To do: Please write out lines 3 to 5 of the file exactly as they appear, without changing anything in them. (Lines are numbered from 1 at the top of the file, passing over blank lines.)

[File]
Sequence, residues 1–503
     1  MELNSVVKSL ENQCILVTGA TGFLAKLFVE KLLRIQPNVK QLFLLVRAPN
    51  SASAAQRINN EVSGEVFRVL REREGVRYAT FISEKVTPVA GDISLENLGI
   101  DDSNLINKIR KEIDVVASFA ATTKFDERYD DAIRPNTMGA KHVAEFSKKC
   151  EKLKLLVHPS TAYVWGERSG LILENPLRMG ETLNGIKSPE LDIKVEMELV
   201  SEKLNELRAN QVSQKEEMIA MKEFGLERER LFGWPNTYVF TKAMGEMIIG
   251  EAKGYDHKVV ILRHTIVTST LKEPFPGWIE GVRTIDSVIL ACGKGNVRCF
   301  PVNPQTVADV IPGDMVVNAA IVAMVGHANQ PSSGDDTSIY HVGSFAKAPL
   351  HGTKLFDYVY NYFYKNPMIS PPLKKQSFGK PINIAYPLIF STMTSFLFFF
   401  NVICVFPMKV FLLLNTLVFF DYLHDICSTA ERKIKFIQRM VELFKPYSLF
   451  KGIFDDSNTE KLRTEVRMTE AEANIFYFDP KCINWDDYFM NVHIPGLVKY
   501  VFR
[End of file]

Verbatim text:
    51  SASAAQRINN EVSGEVFRVL REREGVRYAT FISEKVTPVA GDISLENLGI
   101  DDSNLINKIR KEIDVVASFA ATTKFDERYD DAIRPNTMGA KHVAEFSKKC
   151  EKLKLLVHPS TAYVWGERSG LILENPLRMG ETLNGIKSPE LDIKVEMELV